Rich Californians complaining that they aren’t getting federal disaster money from Donald the Cruel

My Facebook feed has been alive for weeks with Californians complaining that the Great Father in Washington does not love them and therefore is not showering them with federal disaster relief cash despite their worse-than-usual fire season.

(As with many complaints about Trump, emotions may be more important than facts. The Great Father actually declared a disaster in California and approved federal aid last month: “California Wildfires Burn Million Acres; Trump OKs Disaster Aid” (VOA, August 22))

Suppose that Trump had not approved federal aid for the richer-than-average state. The fire are upsetting, yes, and sometimes tragic. And of course we can all sympathize with anyone who has lost a loved one or a home. However, in light of their own cherished values, third and thirdmost of which is fighting inequality (avoiding COVID-19 and BLM being #1 and #2, of course), should Californians even ask for aid? California is a rich state with 40 million people. Why does it need to be bailed out by lower-middle-class taxpayers in Arkansas, Indiana, Maine, and Kentucky? Why not use state funds to assist those who have been affected by the fires?

The standard Righteous Californian response to this on Facebook is that he/she/ze/they believes that there is already at least some wealth redistribution from California to lower-income states. Perhaps there is, but California remains much richer than average. So if we hate inequality (and of course I hope that everyone does), this redistribution should be intensified, not reversed via emergency relief funds. Californians should be able to tax themselves, e.g., with an income surtax, a car registration tax, a higher gasoline tax, or a statewide property tax, to buy whatever they want, including disaster relief for those who have us suffered this fire season.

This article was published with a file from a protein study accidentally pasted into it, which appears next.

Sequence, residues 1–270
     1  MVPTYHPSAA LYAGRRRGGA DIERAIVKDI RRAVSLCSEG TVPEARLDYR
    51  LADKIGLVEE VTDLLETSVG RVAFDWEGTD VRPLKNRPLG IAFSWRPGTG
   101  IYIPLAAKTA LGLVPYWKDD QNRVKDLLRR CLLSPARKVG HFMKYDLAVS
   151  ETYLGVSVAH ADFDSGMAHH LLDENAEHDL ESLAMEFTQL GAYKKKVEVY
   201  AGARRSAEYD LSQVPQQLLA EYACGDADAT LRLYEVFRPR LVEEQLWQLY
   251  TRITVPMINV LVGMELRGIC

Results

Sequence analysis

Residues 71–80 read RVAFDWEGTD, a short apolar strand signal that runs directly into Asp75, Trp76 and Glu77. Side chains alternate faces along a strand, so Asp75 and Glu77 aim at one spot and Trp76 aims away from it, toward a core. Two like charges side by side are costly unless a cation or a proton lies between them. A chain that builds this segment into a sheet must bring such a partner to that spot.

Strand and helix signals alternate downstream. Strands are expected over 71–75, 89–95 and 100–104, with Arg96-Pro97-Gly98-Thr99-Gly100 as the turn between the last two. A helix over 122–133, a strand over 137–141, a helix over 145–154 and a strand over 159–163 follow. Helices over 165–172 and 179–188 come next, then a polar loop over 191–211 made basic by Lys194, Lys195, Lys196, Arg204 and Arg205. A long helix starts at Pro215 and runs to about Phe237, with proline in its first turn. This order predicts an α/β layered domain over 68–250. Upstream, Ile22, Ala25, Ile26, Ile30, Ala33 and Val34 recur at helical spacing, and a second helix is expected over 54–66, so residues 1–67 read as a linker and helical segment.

Another issue with taxing low-income folks in the Midwest to buy things for rich people in California is that Californians seem to change their minds regarding infrastructure. Federal taxpayers paid for a jet-capable airport in Santa Monica, for example, and Californians then decided to destroy it. Why should a worker in Iowa pay to protect some rich Californians’ infrastructure if the rich Californians may later decide that they didn’t even want that infrastructure?

Readers: How can it make sense for those who decry inequality to demand federal funds for a state that is much richer than average? (Above, the Golden Gate Bridge, whose most recent federal bailout was $30.2 million in May. Thus, low-income taxpayers in New Mexico and West Virginia get to subsidize the owners of brand-new Teslas and Mercedes SUVs as they glide across to their Marin estates.)

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32 thoughts on “Rich Californians complaining that they aren’t getting federal disaster money from Donald the Cruel

  1. The difference between the federal government and state governments like California’s is that the federal government can borrow money by issuing bonds, while state governments are subject to balanced-budget laws.

    That may be fine when the economy is stable. But when an economic crisis like the current one hits, causing tax revenues to drop, in the absence of federal aid state governments will have to cut their spending to balance their budgets, aggravating the economic misery. The CARES Act included federal aid to the states, but it’s long since run out. Vox explainer.